Thursday, February 25, 2016

Vergara II: Here We Go Again

Today, while Acting Pretend Secretary of Education John King is being interviewed in DC for the job he already has, across the country lawyers will be teeing up in an LA appeals court over the attempt to roll back one of the most bogus court decisions in education.

Hard to believe that Vergara vs. California is a few years old at this point. The case was originally filed in 2012 and decided in 2014. Launched by Students Matter, a reformster group created and run by David Welch, a rich guy who thinks that CEO-style school leaders shouldn't have to deal with any union-created restrictions on their executive freedom. Welch rounded up nine show-pony defendants, a large pile of money, and went to work overturning tenure and LIFO rules.

Education Post is celebrating the occasion by running a piece by one of the "plaintiffs" (the use of recruited sock puppet plaintiffs by well-financed legal activists is not restricted to any side of any issue, but it remains an odious practice, both in the fake cases that it generates and in its callous use of live human beings as prop for high-priced lawyerly plays) to talk about why he wanted the case to happen.

What I wanted when I first stepped foot in the courtroom two years ago—and still want today—is to see that vision of an awesome teacher in every classroom in California’s public schools become a reality. I want all California kids, regardless of where they live, how much money their parents make, or the color of their skin, to have the quality education they deserve.

The writer also talks about how great teachers have been a great and positive influence, noting that "these are the teachers who inspired the Vergara lawsuit in the first place."

That's a lovely sentiment. It just doesn't have a single thing to do with the Vergara decision. Not a thing.

There is so much to rehash, and it has been hashed pretty thoroughly already. Evidence in the trial included the baloney science that purports to measure the effect of teachers in terms of student lifetime earnings. The notion that tenure rules are somehow responsible for segregation in schools.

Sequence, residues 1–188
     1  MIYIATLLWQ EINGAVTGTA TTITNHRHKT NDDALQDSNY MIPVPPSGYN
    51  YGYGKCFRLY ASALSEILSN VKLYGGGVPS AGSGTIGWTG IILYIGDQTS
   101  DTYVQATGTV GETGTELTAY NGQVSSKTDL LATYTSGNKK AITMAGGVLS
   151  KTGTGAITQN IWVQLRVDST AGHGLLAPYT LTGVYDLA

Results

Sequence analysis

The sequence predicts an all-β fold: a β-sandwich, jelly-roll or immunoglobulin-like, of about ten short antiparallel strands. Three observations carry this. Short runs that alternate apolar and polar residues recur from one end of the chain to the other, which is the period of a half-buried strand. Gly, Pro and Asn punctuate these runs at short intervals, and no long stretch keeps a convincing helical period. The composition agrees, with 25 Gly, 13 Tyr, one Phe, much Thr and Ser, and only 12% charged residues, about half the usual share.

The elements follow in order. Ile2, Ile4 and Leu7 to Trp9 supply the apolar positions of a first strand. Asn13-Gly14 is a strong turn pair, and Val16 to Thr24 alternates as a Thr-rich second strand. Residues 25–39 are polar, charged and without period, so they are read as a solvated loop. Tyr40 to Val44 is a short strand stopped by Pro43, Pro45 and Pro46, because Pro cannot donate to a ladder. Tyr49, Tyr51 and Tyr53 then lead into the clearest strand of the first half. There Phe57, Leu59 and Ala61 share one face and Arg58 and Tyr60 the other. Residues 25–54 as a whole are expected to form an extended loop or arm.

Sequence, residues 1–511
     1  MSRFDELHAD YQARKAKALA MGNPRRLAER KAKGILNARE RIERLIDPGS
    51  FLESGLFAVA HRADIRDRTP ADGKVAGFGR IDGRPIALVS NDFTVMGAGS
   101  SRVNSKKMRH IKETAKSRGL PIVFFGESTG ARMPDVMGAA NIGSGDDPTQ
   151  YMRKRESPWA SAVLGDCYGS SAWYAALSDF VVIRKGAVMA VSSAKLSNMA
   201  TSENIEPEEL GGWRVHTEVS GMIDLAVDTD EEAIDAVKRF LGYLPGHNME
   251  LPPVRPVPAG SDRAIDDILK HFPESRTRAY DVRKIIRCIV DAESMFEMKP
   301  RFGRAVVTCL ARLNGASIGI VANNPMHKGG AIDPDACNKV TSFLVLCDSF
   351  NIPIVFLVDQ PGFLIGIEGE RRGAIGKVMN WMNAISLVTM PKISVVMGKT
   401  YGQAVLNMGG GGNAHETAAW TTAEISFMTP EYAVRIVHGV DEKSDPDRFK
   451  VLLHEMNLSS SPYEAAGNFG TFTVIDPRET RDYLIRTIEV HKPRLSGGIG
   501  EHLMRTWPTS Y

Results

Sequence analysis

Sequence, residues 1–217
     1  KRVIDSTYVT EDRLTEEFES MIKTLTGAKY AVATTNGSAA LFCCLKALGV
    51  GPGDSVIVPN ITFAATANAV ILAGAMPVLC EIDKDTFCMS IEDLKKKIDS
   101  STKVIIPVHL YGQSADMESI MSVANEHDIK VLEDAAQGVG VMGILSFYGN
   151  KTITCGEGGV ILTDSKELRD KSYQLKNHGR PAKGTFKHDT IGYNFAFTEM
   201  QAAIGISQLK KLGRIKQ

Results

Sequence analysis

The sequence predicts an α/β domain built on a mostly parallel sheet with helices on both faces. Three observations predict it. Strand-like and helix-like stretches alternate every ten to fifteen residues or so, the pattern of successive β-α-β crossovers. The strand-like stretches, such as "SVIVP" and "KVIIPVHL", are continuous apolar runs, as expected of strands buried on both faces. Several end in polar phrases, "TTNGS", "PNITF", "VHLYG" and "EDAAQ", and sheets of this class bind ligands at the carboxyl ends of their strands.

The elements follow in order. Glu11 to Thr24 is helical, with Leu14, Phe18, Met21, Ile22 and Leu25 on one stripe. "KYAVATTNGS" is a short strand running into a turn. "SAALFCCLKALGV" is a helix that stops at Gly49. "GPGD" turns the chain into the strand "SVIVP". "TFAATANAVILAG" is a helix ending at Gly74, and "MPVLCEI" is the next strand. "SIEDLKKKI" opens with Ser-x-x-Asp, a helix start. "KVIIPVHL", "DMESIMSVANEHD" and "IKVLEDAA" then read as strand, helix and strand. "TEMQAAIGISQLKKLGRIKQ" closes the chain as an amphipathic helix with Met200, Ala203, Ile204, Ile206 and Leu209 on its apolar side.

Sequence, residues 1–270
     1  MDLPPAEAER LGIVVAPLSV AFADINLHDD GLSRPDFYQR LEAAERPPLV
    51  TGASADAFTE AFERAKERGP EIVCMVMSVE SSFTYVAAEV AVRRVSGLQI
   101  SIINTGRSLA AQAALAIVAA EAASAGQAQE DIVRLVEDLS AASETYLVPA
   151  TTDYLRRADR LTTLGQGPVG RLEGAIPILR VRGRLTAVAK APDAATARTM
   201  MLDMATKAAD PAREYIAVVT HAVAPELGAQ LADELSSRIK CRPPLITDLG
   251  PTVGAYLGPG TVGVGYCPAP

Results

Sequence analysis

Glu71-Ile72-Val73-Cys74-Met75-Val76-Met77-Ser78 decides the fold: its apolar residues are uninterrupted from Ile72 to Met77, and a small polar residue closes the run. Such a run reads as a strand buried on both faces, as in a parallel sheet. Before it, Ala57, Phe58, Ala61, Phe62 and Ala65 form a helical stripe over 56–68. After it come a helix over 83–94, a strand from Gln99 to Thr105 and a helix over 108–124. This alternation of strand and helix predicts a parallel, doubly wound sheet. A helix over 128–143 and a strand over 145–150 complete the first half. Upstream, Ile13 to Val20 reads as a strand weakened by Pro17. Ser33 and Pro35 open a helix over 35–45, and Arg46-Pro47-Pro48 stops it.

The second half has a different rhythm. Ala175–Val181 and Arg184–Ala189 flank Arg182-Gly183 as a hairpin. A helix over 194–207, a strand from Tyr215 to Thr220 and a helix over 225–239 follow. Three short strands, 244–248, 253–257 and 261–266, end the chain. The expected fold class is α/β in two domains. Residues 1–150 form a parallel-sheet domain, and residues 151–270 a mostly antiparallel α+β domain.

But mostly the bizarre notion that great teachers will be empowered by less job security, that we can simply fire our way to excellence, that school districts in a state that is already complaining of teacher shortages will be chomping at the bit to fire teachers left and right so they can hire new teachers from the vast invisible surplus of unemployed awesome teachers, and, most of all, that teachers are the root of all educational evil.

Vergara pretends to presume that the best way to attract the best and the brightest to a field is to say, "Come work for us, and your new bosses will promise to fire you whenever the mood strikes them." What Vergara really presumes is that hero school leaders, mighty CEO's with brilliant visions, should not have to answer to the hired help.

Vergara also presumes that the full weight and energy of the law should be brought to bear on teachers, but somehow there's no need to make full-out assaults on funding or de-segregation.

So prepare yourself for more rounds of PR about how schools should be free to fire their way to excellence and hero superintendents should never have to listen to unions or rules or anything that might provide teachers with job security. And all of that will be wrapped in soaring rhetoric about how every child needs a great teacher no matter what the zip code without a single solitary word about how killing tenure of LIFO would help make that happen. This is the classic reformster construction-- the problem is real and compelling and therefor you should take our word for it that our proposed solution is actually a solution.

Vergara is about breaking unions and de-professionalizing teaching, removing one more set of on-the-ground advocates for students, leaving our most vulnerable children that much more exposed to the ill effects of corporate reform. The court will need to offer a ruling within ninety days. We'll have to wait and see what kind of protection public education, teachers, and students will receive from the court.

1 comment:

  1. So well said. Teacher, in every school district, with a hero superintendent that is like Oakland, California paid more than the governor of the state needs to have read this analysis of the Vergara decision.